One of the biggest tech hubs on the planet, San Francisco, is adopting Microsoft's cloud based email service for approximately 23,000 city and county employees.
The email service will cost the city $78 per user per year, or $1.2 million for the first year. This is significantly cheaper for the city than having to pay for its own servers. When the system is fully deployed, in about a year, it will cost $1.7 million per year.
Microsoft, which beat out Google and IBM for the email contract, provides San Francisco with easy interoperability between its other products such as Word, Excel, SharePoint, and Azure. This made it a more attractive option than Google, which charges users $50 per year and provides them with its own suite of apps.
The Microsoft contract is the first part of a five year plan for the city of San Francisco, which will lay out its own technology roadmap over the coming week. Sixty different departments and agencies are scheduled to use the Microsoft Exchange Online, cloud-based email service.
It is our responsibility to make decisions that are fiscally responsible, forward-looking, and improve the services that city and county employees provide to our constituents, San Francisco mayor Edwin Lee said in a statement.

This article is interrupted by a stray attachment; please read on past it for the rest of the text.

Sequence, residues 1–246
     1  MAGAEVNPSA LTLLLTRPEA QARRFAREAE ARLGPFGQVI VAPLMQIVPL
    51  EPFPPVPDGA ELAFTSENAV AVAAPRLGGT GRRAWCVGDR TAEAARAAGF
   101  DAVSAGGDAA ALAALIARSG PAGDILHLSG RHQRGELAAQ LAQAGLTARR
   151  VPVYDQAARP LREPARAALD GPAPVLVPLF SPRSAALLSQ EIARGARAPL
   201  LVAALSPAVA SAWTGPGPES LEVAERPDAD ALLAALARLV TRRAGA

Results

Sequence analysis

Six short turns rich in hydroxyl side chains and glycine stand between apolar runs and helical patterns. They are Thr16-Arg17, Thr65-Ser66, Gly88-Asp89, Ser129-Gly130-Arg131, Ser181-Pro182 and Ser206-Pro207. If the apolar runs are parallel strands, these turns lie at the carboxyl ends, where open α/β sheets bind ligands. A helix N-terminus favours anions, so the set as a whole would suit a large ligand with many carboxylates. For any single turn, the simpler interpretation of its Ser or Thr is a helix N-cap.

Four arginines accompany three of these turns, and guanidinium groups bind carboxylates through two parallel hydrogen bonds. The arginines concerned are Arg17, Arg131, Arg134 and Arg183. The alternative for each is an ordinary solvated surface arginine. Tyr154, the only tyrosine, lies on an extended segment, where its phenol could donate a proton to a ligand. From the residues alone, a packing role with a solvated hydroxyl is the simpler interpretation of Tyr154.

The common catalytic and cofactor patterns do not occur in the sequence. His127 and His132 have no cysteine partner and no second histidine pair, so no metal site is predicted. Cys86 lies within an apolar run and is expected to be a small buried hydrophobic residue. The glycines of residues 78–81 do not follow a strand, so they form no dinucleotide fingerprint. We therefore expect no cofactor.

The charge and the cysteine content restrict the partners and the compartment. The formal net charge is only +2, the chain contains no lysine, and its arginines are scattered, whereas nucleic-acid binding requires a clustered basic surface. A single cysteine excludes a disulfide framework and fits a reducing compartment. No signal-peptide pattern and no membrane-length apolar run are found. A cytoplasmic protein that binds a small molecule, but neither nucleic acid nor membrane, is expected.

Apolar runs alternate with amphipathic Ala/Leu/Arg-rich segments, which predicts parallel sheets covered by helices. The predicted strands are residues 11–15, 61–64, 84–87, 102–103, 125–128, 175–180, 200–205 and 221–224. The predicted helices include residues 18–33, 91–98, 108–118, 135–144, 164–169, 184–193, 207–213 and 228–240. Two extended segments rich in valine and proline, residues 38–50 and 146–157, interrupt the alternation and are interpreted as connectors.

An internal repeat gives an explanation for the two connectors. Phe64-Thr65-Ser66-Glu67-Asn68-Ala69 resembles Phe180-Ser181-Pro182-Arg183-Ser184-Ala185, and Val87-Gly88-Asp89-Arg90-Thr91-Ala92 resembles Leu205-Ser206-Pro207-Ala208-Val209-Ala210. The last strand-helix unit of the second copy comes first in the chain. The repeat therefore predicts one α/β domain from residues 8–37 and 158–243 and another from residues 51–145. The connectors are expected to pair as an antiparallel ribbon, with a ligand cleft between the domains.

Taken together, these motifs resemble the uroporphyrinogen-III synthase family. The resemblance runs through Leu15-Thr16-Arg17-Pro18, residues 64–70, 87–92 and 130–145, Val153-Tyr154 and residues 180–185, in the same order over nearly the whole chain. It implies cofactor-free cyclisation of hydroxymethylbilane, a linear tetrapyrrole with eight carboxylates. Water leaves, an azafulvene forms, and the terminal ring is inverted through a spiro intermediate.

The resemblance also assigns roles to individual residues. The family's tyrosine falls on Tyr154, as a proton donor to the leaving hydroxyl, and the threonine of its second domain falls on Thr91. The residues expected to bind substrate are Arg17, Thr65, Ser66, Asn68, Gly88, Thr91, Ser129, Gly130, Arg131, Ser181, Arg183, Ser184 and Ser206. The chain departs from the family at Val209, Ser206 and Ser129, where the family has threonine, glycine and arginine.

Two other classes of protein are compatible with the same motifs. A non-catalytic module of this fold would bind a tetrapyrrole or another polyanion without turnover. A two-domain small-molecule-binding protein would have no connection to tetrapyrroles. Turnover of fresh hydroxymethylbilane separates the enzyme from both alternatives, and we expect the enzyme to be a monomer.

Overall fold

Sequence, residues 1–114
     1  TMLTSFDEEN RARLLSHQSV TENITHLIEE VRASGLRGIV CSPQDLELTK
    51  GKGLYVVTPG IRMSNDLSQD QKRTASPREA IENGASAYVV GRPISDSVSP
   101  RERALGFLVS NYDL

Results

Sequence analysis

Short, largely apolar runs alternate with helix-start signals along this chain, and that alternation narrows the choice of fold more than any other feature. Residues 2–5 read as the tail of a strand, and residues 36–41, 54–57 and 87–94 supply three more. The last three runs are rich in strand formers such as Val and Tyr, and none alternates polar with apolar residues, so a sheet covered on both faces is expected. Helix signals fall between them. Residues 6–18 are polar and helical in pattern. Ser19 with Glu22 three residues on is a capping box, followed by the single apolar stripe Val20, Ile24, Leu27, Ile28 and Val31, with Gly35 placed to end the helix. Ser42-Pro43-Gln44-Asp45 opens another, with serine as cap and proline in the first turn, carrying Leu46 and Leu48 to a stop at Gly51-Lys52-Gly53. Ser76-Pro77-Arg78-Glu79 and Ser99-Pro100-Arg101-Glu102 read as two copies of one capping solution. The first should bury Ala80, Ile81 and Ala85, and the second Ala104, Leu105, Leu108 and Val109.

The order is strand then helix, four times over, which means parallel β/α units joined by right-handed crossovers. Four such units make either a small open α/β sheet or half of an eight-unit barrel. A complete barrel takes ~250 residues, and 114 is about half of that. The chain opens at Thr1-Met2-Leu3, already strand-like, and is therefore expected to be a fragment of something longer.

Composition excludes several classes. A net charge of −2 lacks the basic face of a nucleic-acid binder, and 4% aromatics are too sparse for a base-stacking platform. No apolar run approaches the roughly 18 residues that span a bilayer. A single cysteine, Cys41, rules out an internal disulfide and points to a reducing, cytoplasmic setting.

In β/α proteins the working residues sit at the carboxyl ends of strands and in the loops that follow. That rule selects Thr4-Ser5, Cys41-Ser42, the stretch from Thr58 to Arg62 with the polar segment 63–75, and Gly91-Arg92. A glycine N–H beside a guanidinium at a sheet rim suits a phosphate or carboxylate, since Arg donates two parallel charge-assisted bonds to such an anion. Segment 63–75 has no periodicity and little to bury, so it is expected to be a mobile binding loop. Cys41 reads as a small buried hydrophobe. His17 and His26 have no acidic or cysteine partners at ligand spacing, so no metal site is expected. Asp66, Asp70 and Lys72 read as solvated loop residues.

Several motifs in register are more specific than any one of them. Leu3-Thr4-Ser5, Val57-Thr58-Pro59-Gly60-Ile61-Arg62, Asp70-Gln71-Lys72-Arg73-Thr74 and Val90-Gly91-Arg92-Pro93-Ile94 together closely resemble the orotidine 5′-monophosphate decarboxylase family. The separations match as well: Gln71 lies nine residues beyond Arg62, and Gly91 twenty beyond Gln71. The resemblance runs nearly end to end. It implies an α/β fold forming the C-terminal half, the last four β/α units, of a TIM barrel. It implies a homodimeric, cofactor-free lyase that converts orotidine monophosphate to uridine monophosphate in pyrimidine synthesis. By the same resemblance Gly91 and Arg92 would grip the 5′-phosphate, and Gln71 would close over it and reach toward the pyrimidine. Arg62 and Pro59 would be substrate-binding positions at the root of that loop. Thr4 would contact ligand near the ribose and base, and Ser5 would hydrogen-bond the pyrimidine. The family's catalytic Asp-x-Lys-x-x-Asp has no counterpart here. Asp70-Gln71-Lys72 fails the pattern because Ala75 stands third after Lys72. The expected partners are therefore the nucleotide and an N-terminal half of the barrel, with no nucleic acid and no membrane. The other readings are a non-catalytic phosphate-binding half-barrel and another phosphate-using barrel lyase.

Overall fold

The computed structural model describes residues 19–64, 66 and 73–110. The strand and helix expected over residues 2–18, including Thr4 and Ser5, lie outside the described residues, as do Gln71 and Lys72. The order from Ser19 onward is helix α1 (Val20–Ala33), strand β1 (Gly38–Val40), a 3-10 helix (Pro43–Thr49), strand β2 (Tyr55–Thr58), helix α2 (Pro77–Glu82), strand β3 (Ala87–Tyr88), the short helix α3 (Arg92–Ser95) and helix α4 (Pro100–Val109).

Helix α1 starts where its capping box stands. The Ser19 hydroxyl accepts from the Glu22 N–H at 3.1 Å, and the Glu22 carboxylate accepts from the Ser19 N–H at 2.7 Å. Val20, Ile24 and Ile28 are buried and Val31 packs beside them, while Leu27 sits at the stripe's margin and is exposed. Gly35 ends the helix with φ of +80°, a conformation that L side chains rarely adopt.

Along with price, the competing cloud-based email systems were judged on security, functionality, flexibility, SLA-backed service, proven record for support, and integration with existing infrastructure and tools. The cloud-based email can be automatically updated through one server, rather than administrators having to go send it to every computer. San Francisco also said the system would be available in case of a disaster, something that cannot be said for an email system stored on a physical server.
By moving to the Microsoft platform, we not only get immediate improvements to our system, but we gain a disaster-resilient system that provides the most modern information tools, with solid support provisions that can scale with the needs of our constituents, San Francisco chief information officer Jon Walton said in a statement.
The deal is a huge coup for the Redmond, Wash. based Microsoft, which lands a huge contract right in Google's back yard. The Mountain View, Calif. based Google is a mere 40 miles to the south of San Francisco.
This is not the first time Google and Microsoft have rivaled with each other over cloud-based email services to major cities. Google won a Los Angeles email contract back in 2009, and Microsoft has gotten a tryout in New York City and won a contract for the State of California. When Microsoft won the high-profile California contract, Google said there was a bias in the government against it competing for a contract.
We're disappointed we didn't have an opportunity to compete for San Francisco's business. Through a competitive bid process, the majority of customers choose Google, and the rest get a great deal on their Microsoft license, a Google spokesman said in a statement.